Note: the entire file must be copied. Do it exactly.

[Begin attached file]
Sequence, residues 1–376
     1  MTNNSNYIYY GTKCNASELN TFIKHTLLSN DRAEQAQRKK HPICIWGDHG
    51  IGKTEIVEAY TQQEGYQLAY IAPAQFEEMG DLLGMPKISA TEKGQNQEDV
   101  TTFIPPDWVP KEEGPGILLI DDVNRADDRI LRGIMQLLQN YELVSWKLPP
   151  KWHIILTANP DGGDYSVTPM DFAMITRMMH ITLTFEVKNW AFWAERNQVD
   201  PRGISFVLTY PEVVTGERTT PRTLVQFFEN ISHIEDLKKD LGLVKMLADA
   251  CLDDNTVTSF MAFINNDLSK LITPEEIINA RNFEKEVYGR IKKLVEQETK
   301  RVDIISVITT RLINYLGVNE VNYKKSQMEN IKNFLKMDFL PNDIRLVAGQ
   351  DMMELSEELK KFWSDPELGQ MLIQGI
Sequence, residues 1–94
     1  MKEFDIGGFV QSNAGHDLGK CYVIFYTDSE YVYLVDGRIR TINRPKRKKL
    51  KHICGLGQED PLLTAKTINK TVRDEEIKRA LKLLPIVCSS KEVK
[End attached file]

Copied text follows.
Sequence, residues 1–376
     1  MTNNSNYIYY GTKCNASELN TFIKHTLLSN DRAEQAQRKK HPICIWGDHG
    51  IGKTEIVEAY TQQEGYQLAY IAPAQFEEMG DLLGMPKISA TEKGQNQEDV
   101  TTFIPPDWVP KEEGPGILLI DDVNRADDRI LRGIMQLLQN YELVSWKLPP
   151  KWHIILTANP DGGDYSVTPM DFAMITRMMH ITLTFEVKNW AFWAERNQVD
   201  PRGISFVLTY PEVVTGERTT PRTLVQFFEN ISHIEDLKKD LGLVKMLADA
   251  CLDDNTVTSF MAFINNDLSK LITPEEIINA RNFEKEVYGR IKKLVEQETK
   301  RVDIISVITT RLINYLGVNE VNYKKSQMEN IKNFLKMDFL PNDIRLVAGQ
   351  DMMELSEELK KFWSDPELGQ MLIQGI
Sequence, residues 1–94
     1  MKEFDIGGFV QSNAGHDLGK CYVIFYTDSE YVYLVDGRIR TINRPKRKKL
    51  KHICGLGQED PLLTAKTINK TVRDEEIKRA LKLLPIVCSS KEVK